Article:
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Evolve your School, begin a Revolution

Schools have existed for a long time, but they need to evolve! We need an education revolution to address the fast pace of change and to prepare our children for the new world ahead. For learners to cope in an ever changing world, schools need to revolutionise. Since schools already exist an active evolution could be put into place.

If our children are being taught, the way we, as adults, were taught, it is a problem! If classrooms look the way they did when the teachers were at school, or if similar methodologies are being used, there is a good chance the learners in those classes are not being given the opportunity to cope in the future. John Dewey expressed many years ago “If we teach today’s students as we taught yesterday’s we rob them of tomorrow.” This is still most relevant today!

Researchers estimate that 65% of learners in primary school today will end up working in jobs that don’t even exist yet.

The role of the teacher in a child-centred, constructivist classroom is to be “a guide, facilitator, and co-explorer who encourages learners to question, challenge, and formulae their own ideas, opinions, and conclusions.” (Abdal-Haqq, 1998, p.1) This teaching strategy would assist in helping learners cope with the change. The World Economic Forum report expresses the importance of social skills, such as persuasion, emotional intelligence and teaching others, and they will be in higher demand across industries rather than narrow technical skills, such as programming or equipment operation and control.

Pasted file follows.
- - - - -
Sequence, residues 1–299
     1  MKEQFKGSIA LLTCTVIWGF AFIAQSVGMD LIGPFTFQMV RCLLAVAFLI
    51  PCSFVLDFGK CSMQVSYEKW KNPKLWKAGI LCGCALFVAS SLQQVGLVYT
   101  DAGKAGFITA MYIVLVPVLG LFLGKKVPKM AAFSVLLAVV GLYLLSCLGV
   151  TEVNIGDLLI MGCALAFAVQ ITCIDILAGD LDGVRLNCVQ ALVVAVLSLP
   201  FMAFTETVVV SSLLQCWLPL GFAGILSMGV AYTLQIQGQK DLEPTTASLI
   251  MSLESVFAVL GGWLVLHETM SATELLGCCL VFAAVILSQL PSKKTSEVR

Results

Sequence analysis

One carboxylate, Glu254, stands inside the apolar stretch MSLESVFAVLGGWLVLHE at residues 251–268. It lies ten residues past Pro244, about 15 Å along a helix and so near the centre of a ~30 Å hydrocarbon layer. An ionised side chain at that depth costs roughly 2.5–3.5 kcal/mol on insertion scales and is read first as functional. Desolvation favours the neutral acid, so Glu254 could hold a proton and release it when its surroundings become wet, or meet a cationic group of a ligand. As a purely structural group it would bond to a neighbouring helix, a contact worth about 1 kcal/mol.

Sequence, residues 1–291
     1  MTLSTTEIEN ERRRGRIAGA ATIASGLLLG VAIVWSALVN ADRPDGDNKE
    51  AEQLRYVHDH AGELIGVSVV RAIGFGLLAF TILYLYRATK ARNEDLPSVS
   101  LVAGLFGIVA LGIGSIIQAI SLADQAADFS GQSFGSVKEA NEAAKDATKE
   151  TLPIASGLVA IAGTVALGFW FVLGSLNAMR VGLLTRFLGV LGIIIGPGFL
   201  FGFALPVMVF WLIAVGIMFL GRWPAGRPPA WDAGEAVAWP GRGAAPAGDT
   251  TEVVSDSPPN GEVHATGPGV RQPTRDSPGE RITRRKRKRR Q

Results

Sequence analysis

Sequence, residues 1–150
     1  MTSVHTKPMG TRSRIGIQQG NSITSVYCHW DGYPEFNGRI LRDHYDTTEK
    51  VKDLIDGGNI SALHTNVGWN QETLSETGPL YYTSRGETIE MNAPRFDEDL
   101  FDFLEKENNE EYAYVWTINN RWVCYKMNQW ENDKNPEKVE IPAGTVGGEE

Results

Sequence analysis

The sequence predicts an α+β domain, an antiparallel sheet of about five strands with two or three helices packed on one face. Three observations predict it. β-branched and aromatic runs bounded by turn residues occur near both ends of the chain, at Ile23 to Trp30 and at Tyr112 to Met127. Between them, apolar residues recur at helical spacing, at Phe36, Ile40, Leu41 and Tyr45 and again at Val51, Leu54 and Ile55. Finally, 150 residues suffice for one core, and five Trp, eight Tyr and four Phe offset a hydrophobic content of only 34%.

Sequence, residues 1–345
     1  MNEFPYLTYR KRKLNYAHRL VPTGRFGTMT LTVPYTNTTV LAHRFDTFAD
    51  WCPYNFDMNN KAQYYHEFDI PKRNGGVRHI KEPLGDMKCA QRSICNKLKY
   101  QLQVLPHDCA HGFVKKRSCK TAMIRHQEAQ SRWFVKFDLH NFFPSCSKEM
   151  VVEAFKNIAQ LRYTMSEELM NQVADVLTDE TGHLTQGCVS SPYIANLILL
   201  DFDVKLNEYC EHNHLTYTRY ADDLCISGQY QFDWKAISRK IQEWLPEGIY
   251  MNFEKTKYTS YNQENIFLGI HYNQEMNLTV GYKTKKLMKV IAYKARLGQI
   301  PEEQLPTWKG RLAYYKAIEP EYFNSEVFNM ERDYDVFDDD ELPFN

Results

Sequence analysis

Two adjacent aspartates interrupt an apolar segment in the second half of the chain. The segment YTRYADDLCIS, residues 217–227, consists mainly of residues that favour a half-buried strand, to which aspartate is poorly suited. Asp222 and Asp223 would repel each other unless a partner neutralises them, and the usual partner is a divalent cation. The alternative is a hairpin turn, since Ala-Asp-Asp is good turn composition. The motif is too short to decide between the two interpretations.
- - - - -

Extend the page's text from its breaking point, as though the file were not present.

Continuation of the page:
Schools should be developing critical and creative thinkers, exposing learners to computational thinking and computer science skills, as well as developing coding (programming) competencies as part of the curriculum. Education should be addressing these changing needs proactively. Do your learners work in teams, are they encouraged to question?

Best change happens from the inside, then moving out, beginning with the teachers, as they are the custodians of true evolution and change within a school.

So when we speak about evolving a school, the changes should impact the school as a whole from various aspects, involving the entire school community. It is a long term process, not a quick fix, but start taking little steps.

I look forward to working with you to address your school’s evolution question!


World Economic Forum, January 2016. The Future of Jobs Employment, Skills and Workforce Strategy for the Fourth Industrial Revolution

Abdul-Haqq, I. (1998). Constructivism in Teacher Education: Considerations for those who would link practice to theory. Washington DC: Eric Digest.

Dewey, J. (1930). Democracy and Education, : an introduction to the philosophy of education. New York: Macmillan Company,

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